Q: Why does nobody directly condemn Israel for its assassination operations all around the world? Suppose another country in West Asia was responsible for the assassination, what would be the reaction of Western media?
A: “Israel” is held to different standards than any other country by most of the world, largely due to that entity’s extensive influence network and intense information warfare. As regards Western states, “Israel” directs the bulk of its soft power messaging towards ensuring that they never forget about the Holocaust, which enables Tel Aviv to imply that anyone who doesn’t support its policy of regional aggression is “anti-Semitic”. Despite sounding ridiculous to non-Western observers, this narrative strategy is actually quite influential among the West because of the guilt that they’ve made to feel for not stopping the Holocaust. This in turn allows “Israel” to act with impunity as few dare to even condemn it for anything since those who do are then tarred and feathered in the media as “anti-Semites” even if they objectively aren’t anti-Semitic at all.
Q: How can Iran trust the U.S. while the White House pulled out of the nuclear deal and its ally Israel has been assassinating Iranian scientists?
A: Trust is relative in International Relations and very difficult to restore once it has been broken, as has been the case with American-Iranian relations for decades. Tehran therefore cannot trust Washington in the contemporary context, but what it can do is rationally assess the strategic situation when considering future courses of action. There might be times where pragmatic cooperation is necessary to advance Iranian interests, which was reportedly the case in the early days of the U.S. invasion of Afghanistan, but even those instances don’t represent sincere trust between the two but just a short-term convergence of interests. After all, that’s happened in bilateral relations over the past four years, it might very well be the case that trusts between the two won’t be restored for the indefinite future.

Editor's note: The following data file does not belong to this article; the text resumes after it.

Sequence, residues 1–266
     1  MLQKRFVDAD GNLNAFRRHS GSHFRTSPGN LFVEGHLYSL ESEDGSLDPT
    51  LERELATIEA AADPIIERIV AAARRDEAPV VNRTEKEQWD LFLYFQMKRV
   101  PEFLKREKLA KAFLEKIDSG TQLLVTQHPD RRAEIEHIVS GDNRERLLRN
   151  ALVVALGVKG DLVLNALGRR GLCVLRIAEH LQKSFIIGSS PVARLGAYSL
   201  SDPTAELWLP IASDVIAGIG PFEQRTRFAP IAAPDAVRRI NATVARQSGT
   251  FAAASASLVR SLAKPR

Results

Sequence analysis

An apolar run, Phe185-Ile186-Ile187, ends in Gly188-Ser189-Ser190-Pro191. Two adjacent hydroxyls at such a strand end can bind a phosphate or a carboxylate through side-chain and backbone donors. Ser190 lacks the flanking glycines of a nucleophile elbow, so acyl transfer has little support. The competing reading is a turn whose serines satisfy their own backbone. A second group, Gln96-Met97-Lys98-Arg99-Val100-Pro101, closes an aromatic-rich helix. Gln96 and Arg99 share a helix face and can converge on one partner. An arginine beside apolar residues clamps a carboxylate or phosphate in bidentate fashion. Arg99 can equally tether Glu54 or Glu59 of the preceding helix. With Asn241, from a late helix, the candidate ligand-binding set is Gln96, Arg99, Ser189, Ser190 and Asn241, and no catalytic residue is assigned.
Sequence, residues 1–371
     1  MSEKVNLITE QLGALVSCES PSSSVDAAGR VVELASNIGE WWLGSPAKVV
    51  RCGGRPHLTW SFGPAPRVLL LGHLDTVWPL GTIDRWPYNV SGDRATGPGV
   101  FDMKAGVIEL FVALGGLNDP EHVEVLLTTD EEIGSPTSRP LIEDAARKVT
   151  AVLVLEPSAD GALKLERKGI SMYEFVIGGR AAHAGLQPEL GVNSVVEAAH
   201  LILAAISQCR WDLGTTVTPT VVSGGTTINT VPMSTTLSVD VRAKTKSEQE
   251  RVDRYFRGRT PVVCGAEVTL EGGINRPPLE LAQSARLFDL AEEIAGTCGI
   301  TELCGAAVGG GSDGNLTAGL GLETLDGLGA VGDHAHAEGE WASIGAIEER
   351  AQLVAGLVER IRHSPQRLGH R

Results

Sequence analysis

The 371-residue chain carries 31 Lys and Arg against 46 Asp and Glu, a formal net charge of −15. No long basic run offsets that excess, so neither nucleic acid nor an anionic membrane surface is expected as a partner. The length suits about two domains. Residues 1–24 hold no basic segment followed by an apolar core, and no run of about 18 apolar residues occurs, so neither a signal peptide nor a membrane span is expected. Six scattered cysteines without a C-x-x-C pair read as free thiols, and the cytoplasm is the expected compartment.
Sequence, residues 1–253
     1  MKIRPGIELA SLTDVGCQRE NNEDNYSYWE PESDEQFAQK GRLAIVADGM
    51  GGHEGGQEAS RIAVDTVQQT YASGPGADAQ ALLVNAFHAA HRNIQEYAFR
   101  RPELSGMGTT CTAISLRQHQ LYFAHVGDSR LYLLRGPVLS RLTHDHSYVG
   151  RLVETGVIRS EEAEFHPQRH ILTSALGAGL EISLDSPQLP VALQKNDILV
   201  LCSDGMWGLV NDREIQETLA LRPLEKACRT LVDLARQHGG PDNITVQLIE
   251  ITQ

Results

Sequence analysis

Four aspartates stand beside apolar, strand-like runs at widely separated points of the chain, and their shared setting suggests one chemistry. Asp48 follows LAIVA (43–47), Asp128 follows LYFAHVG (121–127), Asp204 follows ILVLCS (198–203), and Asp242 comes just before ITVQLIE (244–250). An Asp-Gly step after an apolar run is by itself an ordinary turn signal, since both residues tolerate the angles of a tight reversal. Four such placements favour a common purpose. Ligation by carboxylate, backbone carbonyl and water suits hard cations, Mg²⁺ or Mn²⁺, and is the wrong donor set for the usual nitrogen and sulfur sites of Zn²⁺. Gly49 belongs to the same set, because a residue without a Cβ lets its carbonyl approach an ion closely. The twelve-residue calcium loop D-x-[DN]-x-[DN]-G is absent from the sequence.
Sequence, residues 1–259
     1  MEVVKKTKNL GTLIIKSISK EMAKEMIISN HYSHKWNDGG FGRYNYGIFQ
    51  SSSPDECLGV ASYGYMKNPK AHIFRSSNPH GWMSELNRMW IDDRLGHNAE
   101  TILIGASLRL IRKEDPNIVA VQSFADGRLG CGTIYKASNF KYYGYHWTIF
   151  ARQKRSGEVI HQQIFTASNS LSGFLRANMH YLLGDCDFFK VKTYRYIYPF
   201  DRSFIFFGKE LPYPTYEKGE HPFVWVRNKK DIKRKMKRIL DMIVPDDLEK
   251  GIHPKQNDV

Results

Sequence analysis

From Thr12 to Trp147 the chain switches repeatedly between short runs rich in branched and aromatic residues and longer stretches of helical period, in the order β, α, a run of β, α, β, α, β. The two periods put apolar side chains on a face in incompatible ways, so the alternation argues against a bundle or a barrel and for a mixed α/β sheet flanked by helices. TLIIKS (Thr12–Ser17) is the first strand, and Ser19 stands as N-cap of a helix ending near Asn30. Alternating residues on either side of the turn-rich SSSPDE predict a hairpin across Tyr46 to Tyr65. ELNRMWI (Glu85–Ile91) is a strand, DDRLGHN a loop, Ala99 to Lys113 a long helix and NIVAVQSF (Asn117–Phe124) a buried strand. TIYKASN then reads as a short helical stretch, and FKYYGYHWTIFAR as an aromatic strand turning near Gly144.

Q: In view of the fact that the West failed to observe its obligations under the JCPOA, don’t you think that Iran should focus more on Eastern powers like China and Russia even if the U.S. rejoins the JCPOA.
A: Phrasing the choice as an either-or one is inaccurate because it’s possible to pursue a multi-vectored foreign policy “balancing” between both sides. Even in the halcyon days of the JCPOA, Iran still retained strategic relations with China and Russia, but it’s just that they became comparatively much more important after the U.S. withdrew from the deal and the remaining Western countries practically abandoned it afterward under American pressure. Whatever a possible Biden Administration ends up doing regarding the JCPOA, Iran should continue its efforts to become a crucial node along with China’s Belt & Road Initiative (BRI), in particular by considering the benefits of partnering with its flagship project of the China-Pakistan Economic Corridor (CPEC). The economic geography is such that CPEC could be expanded in the western direction through the W-CPEC+ proposal for transforming Iran into China’s gateway to the larger West Asian marketplace so long as Tehran plays its cards right. Regardless of whatever else happens, Iran should prioritize its strategic partnership with China by doing its utmost to see to it that the W-CPEC+ vision succeeds.